A more popular variety allowing spoken communication between partners, as the name implies but what may be said is subject to stringent rules. The leader to a trick, before leading, may give his partner a single piece of information about his own hand, oor request information about his partner's, or may even (instead) invite his partner either to do the same or to give him some instruction as to the card or suit to be led. Such information may relate to the number of cards held of a specific suit or rank, or whether a particular card is held. Question and answer must be succinct, explicit, intelligible to the opponents, and not replaced or accompanied by any non-verbal conventions. Questions must be answered truthfully, and instructions followed if possible.

Auction Manille (1)

From three to seven may play, each for himself. Deal out all cards but two or four, depending on the number of players, which constitute the widow. Eldest has the privilege of becoming the declarer. If he declines, it passes to the right until somebody exercises it. The declarer's objective is to take at least 21 points in tricks and cards, or at least 15 if more than four are playing. Before play, the declarer may keep drawing cards from the widow until he is satisfied with his hand. Each drawn card must be followed by a discard, which may be the card just drawn, before the next is taken. When satisfied, declarer announces trump and eldest hand leads. The amount won by the declarer from each opponent if successful, or paid to each if not, varies with the number of cards exchanged.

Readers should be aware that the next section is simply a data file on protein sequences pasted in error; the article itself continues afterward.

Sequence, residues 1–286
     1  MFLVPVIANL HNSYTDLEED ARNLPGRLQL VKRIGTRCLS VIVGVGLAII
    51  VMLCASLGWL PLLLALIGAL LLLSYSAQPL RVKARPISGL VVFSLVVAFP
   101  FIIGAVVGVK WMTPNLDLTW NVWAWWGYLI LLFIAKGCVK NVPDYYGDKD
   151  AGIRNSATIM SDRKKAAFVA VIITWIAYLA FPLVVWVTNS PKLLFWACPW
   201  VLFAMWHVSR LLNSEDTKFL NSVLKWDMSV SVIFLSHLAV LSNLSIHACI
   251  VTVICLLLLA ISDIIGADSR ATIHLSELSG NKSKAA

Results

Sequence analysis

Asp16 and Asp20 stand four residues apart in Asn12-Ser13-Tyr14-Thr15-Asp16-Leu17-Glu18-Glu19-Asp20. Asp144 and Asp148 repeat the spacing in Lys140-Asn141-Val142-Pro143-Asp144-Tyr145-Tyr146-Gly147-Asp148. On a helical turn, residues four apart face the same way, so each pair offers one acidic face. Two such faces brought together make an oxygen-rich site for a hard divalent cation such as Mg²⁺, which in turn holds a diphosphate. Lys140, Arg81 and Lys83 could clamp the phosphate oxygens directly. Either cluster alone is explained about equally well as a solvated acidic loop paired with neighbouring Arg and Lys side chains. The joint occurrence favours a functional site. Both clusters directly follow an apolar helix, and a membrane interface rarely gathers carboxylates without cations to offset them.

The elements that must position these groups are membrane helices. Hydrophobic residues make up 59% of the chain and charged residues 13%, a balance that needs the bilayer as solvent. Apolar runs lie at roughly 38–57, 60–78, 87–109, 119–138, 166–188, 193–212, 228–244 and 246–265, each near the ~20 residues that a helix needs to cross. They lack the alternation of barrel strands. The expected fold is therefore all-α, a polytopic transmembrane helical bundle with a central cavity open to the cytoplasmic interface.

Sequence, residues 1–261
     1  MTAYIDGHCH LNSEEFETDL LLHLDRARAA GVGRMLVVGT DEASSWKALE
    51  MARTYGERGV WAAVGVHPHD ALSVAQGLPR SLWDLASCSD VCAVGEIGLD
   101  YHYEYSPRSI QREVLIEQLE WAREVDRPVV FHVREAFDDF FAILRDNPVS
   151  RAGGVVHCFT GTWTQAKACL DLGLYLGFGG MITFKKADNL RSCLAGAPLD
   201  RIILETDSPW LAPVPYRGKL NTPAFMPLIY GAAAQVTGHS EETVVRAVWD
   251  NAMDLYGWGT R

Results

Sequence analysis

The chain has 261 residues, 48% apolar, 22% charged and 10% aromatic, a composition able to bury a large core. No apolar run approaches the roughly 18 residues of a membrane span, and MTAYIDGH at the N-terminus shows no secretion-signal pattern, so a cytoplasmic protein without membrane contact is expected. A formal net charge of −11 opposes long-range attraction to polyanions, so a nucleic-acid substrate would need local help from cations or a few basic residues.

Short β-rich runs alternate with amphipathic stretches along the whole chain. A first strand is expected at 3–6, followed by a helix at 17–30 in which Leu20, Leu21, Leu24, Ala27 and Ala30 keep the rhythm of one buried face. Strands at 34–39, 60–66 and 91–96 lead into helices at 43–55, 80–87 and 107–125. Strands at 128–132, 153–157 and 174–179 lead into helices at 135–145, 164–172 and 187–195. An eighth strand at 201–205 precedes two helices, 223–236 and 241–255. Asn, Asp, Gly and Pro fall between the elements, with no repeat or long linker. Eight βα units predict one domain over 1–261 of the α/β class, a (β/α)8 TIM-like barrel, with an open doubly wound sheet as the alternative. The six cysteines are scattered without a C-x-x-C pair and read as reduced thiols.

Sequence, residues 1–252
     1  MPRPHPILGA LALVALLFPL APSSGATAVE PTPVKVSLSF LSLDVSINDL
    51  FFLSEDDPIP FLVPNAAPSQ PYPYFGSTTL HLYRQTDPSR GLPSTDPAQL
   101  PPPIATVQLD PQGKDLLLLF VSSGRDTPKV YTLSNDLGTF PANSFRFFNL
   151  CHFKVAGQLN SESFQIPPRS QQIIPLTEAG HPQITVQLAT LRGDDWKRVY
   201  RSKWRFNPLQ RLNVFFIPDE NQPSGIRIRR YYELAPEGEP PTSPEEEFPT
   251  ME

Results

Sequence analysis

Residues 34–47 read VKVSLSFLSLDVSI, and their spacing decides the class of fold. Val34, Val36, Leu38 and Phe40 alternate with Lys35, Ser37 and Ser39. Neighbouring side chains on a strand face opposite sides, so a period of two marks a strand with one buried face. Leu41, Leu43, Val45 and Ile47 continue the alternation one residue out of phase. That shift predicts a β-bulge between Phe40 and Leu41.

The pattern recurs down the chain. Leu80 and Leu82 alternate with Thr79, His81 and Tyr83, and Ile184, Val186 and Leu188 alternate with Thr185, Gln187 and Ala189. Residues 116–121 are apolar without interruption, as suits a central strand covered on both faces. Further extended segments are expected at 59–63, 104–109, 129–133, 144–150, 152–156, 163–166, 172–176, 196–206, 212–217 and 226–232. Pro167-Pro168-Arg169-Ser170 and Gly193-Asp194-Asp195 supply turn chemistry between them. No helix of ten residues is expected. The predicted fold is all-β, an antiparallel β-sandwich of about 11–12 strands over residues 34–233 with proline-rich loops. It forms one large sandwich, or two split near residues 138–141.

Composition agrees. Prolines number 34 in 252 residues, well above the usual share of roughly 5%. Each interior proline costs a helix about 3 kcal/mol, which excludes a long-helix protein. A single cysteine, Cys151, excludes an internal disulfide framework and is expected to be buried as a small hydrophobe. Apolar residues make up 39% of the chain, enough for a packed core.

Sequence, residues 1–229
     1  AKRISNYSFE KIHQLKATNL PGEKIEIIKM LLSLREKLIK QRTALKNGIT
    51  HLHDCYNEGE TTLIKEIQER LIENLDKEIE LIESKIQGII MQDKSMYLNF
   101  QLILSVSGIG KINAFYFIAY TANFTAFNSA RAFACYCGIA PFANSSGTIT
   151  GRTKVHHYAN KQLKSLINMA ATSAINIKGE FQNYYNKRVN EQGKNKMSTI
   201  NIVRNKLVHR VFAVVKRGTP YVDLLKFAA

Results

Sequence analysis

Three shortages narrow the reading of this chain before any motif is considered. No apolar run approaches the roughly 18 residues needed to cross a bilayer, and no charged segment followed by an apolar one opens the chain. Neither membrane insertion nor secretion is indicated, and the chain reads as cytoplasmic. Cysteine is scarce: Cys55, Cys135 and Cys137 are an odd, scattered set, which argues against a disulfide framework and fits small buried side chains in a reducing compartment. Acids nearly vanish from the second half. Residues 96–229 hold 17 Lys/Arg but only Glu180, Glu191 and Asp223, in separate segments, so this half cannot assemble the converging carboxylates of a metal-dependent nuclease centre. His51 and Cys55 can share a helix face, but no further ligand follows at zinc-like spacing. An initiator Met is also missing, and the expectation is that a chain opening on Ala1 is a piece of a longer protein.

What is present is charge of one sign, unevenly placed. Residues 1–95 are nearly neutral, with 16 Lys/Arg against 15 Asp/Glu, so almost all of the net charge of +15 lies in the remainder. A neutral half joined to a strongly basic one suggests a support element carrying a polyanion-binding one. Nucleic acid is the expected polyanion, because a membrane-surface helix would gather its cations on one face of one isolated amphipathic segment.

Auction Manille (2)

Remove as many sevens as necessary to enable every player to receive the same number of cards. Each in turn, starting with Eldest, may pass or bid. A bid states the number of points the bidder undertakes to make in exchange for choosing trumps. Each bid must be higher than the last, and a player who has passed may not come in again. The highest bidder announces trump, or No Trumps, and Eldest leads to the first trick, unless the bid was to win every trick, in which case the declarer leads. The player scores the amount of his bid if successful, or loses it if not. The winner is the player with the highest score after any agreed number of deals, each having dealt the same number of times.

Auction Manille (3)

A number of cards is dealt to each player in a particular manner, and the rest are laid some face up and some face down on the table.
  • If three players are active in the game, nine cards are dealt in batches of 3 to each player and the remainder five are stacked, two face up and three down.
  • If four play, seven cards are dealt and the remainder 4 are laid down, being two face up and two down.
  • If five play, six cards are dealt and the remeinder two are laid down, being one face up and one down.
  • If six play, five cards are dealt and the remainder two cards are laid down, being one face up and one down.
  • If seven play, four cards are dealt and the remainder four are laid down, being two face up and two down.

The game is played as in the previous version previously, except that the highest bidder may exchange cards with the widow before naming trumps. In some circles, the score is doubled if the bidder undertakes to win every trick, or plays without exchanging. If both apply, the score is quadrupled.

Blind Manille

This variety requires people to hold their dealt cards backwards so other players can see all the cards but not the player himself. The chosen trump is based on the cards the dealer sees. Players play cards by pulling them randomly from their hand. Whoever threw the highest of the initial suit or trumps the highest, wins the trick.